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The director of an Ontario children's centre is accusing the Conservative Government of arranging a patronage appointment for an out-of-work Tory.
Lucille Desjardins, of the Muskoka Family Focus and Children's Place, said Tuesday the manager of a branch of the Social Services Ministry asked a hiring committee she sits on to intervene on behalf of a woman who was once employed by a cabinet minister.
The New Democratic Party says the situation is just the tip of the iceberg and that many more examples of "partisan patronage" exist.
"The Conservatives are seizing control of grassroots hiring and funding decisions while using children and community volunteers like yo-yos," said Shelley Martel, children's critic for the NDP.
"It's all about rewarding the friends of government."
But Premier Mike Harris said he was unaware of any patronage appointments in the Muskoka-Parry Sound riding, where the Conservatives recently won a byelection.
"Our goal is to constantly try and have the best people in these positions," he said.
Martel said the province has in at least two other cases recently recommended the hiring of Tory supporters for jobs within the social services sector, even after qualified local candidates had already been selected. She cited as examples health units funded by the ministry in Sudbury, Ont. and the riding of Muskoka-Parry Sound.
"This type of pressure is unacceptable," said Mary-Anne Bedard, of the Ontario Coalition for Better Child Care.
Shortly after the Tories introduced the $30-million Early Years Challenge Fund to pay for children's services, the province's 37 health units were asked to form steering committees with the mandate to hire local co-ordinators.
"These committees were supposed to come from the community. (People) who the community thought could best advocate and put forward their interests, not who the ministry felt they could control," said Bedard.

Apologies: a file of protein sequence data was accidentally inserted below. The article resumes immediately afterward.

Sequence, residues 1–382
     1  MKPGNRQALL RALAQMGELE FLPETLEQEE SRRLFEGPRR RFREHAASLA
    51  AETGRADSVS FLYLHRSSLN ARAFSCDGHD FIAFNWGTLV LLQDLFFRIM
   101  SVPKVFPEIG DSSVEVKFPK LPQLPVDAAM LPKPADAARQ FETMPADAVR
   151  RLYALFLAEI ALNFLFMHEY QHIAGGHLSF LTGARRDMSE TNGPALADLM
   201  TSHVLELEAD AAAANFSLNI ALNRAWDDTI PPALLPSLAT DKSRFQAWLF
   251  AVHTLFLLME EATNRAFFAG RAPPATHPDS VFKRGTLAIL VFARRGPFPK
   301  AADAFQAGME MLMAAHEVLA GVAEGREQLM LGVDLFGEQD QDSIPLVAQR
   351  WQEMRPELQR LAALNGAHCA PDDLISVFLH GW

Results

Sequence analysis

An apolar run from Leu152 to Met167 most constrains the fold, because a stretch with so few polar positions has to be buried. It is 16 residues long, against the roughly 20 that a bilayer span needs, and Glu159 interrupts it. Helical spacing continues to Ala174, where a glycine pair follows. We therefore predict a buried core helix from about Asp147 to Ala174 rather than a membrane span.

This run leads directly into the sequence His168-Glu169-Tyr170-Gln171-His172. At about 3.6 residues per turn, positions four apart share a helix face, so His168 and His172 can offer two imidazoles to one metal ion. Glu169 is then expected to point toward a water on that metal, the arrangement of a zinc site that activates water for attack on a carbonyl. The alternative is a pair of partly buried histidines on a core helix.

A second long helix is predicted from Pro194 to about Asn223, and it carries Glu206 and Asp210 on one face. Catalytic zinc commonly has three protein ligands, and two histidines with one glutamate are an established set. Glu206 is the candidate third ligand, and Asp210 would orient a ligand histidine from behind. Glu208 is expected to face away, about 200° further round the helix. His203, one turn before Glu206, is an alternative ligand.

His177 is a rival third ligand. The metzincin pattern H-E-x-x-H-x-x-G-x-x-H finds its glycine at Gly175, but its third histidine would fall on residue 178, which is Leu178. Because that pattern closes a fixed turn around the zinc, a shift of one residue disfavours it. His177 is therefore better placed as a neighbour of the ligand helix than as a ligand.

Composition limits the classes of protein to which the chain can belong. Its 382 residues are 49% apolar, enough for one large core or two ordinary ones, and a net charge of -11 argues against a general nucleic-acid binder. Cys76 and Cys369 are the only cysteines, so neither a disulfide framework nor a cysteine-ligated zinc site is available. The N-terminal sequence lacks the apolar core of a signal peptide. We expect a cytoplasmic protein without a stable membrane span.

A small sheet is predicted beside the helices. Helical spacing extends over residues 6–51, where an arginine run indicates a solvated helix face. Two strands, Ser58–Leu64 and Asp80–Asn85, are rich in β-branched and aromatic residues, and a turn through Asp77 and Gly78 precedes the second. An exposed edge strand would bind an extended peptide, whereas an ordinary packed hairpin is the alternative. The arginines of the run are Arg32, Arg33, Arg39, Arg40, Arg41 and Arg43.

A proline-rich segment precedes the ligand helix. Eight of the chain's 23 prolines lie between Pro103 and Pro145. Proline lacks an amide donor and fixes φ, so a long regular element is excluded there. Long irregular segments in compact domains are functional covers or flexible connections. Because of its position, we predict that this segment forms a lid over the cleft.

Several months later the government changed the process making all steering committee members government appointees.
There are about 380 positions to be filled across the province, including 37 co-ordinators, on 12-month contracts to handle $30 million in grants. The employee, who is paid between $45,000 and $65,000, reports to John Baird, the social services minister.
Desjardins said she received a phone call in February from a ministry employee asking her selection committee to interview someone for the position. She said the group had already chosen a candidate after a lengthy search process.
She said after interviewing a former assistant to former finance minister Ernie Eves, the committee decided the woman did not have the "educational qualifications or the experience required for the position."
The committee was nonetheless told to forward the woman's name as a recommended candidate, said Desjardins.
"I am left with the distinct feeling that this process has nothing to do with ensuring that the children receive the best services . . . but rather it was a job creation exercise for political patronage," she wrote in letter made public Tuesday.
A ministry spokesman could provide no real answer as to what happened in Muskoka-Parry Sound.
"I can't say that something special was done for this person," said Dan Miles. "The appointments for the area haven't even been made yet."
He added that all three provincial parties have put forth recommendations for appointments.
-Reprinted from The Toronto Star